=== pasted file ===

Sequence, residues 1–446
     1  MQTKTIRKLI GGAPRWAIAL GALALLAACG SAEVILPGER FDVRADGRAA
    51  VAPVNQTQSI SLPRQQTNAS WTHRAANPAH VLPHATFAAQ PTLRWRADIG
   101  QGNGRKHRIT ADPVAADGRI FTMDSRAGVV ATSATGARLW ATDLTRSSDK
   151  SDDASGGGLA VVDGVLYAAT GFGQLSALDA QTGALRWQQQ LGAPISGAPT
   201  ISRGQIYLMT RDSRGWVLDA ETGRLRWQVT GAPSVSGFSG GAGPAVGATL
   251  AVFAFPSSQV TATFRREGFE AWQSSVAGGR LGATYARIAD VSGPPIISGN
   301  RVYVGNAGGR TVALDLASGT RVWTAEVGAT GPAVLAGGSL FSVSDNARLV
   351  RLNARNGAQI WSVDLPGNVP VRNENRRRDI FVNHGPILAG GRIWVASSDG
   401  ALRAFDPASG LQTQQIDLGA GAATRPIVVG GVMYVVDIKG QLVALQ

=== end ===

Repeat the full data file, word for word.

Sequence, residues 1–446
     1  MQTKTIRKLI GGAPRWAIAL GALALLAACG SAEVILPGER FDVRADGRAA
    51  VAPVNQTQSI SLPRQQTNAS WTHRAANPAH VLPHATFAAQ PTLRWRADIG
   101  QGNGRKHRIT ADPVAADGRI FTMDSRAGVV ATSATGARLW ATDLTRSSDK
   151  SDDASGGGLA VVDGVLYAAT GFGQLSALDA QTGALRWQQQ LGAPISGAPT
   201  ISRGQIYLMT RDSRGWVLDA ETGRLRWQVT GAPSVSGFSG GAGPAVGATL
   251  AVFAFPSSQV TATFRREGFE AWQSSVAGGR LGATYARIAD VSGPPIISGN
   301  RVYVGNAGGR TVALDLASGT RVWTAEVGAT GPAVLAGGSL FSVSDNARLV
   351  RLNARNGAQI WSVDLPGNVP VRNENRRRDI FVNHGPILAG GRIWVASSDG
   401  ALRAFDPASG LQTQQIDLGA GAATRPIVVG GVMYVVDIKG QLVALQ